One aspect of the currency market that has always been fascinating to me is how brutal – and how swift – the collective judgment of the participants can be. 

British Prime Minister Theresa May got a taste of this when she gave a speech in the early hours of trading this week lauding the U.K.’s strength as the fifth-largest economy. But by the end of the speech, in which she said Conservatives will use the power of government to "restore fairness" in Britain and spread prosperity more widely, the British pound sterling had fallen so much in value that the U.K. GDP on a global stage lost the fifth place spot to France – which of course is valued in euros.

So what is the trading in the euro telling us? Bloomberg carried an article earlier this week that noted that the euro moved in its narrowest range ever for any single quarter since its inception. And looking forward, traders seem genuinely confused as to where to take the currency next. A Bloomberg survey of analysts looking out into 2018 predicts the euro will stay in a range almost as tight as this last quarter.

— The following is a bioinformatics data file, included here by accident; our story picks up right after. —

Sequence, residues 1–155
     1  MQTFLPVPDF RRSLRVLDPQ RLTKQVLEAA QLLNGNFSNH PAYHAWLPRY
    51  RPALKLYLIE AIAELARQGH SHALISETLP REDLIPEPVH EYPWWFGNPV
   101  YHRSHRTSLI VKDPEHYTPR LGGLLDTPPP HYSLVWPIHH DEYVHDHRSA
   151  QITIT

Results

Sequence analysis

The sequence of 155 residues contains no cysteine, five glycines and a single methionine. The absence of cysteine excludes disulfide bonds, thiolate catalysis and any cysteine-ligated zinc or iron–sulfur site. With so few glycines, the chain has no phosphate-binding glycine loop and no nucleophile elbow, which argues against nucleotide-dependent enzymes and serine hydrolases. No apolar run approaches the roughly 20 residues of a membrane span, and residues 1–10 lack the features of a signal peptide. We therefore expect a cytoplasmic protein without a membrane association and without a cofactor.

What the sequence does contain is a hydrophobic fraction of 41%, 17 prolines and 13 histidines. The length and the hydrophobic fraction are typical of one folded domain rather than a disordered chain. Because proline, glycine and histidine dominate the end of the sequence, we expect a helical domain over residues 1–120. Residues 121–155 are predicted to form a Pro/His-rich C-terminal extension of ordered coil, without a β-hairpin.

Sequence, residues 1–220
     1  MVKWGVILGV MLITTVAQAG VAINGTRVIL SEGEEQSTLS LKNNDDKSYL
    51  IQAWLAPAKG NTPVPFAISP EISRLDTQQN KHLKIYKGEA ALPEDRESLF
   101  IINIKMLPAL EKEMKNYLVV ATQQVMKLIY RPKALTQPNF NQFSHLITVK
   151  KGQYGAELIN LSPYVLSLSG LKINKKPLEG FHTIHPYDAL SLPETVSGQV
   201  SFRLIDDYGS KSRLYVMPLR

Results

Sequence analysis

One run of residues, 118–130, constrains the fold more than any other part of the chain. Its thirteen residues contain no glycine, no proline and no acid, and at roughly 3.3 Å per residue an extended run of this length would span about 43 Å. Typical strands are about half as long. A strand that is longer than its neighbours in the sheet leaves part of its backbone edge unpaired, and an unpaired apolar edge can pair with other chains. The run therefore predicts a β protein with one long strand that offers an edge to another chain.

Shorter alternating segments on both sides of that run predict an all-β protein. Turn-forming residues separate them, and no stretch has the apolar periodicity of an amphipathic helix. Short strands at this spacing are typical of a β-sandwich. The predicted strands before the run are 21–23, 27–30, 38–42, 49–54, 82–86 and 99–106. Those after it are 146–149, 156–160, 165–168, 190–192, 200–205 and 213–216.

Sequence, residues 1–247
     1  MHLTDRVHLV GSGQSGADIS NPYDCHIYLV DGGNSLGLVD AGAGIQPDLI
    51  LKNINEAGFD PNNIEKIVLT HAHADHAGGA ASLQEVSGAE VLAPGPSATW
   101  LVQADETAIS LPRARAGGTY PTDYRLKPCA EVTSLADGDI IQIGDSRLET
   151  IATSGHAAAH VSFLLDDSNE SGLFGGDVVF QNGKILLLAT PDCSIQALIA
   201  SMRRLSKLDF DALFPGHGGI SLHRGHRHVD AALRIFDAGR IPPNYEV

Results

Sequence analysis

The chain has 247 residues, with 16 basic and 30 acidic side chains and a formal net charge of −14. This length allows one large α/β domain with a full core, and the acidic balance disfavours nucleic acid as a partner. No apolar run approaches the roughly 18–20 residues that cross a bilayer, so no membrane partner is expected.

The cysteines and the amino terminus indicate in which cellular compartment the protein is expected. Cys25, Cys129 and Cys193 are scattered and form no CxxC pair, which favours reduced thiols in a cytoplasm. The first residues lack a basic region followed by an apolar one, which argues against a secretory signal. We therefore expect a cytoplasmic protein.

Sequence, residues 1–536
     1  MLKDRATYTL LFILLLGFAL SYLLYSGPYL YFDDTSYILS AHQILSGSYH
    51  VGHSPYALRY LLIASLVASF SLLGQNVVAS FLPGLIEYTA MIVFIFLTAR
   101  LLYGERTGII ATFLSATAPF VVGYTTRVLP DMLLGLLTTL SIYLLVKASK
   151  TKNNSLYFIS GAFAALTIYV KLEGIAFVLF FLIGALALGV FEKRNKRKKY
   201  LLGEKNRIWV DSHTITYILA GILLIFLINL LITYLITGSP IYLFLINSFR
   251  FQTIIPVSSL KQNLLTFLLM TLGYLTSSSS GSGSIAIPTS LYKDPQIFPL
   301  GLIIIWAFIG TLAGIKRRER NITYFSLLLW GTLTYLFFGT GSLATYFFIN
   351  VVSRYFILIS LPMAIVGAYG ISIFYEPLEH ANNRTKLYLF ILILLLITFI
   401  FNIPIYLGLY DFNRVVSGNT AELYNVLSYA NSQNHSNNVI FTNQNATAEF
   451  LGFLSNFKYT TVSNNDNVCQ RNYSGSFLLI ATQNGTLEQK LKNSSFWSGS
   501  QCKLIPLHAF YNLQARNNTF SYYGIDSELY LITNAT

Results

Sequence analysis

That same sentiment extends to the International Money Market of the Chicago Mercantile Exchange, where open position on euros – where folks put up real money for financial contracts – have been remarkably small compared to British pound sterling and most other major currencies.

It prompted our own set of informal surveys and discussion of the folks we interact with in the market, and a couple of themes have emerged.

First, since the euro/usd currency pair is the most traded currency pair in the world, it serves as a de facto barometer of where global economic leadership is coming from among the U.S. or Europe. Right now, there are too many unknowns, particularly with the U.S. election.  But the uncertainty extends to serious questions about the path of the U.S. Fed and the ECB.

Secondly, why take big positions on euros and US dollars when the alternatives are much easier to analyze, like when British PM May makes a comment that could make long-term sense, but short-term – even for the length of her speech – rattles the City of London’s currency world.

My View: It takes a lot of uncertainty to make FX market participants act like a deer in the headlights, but this fall seems to have all those events coming together.  

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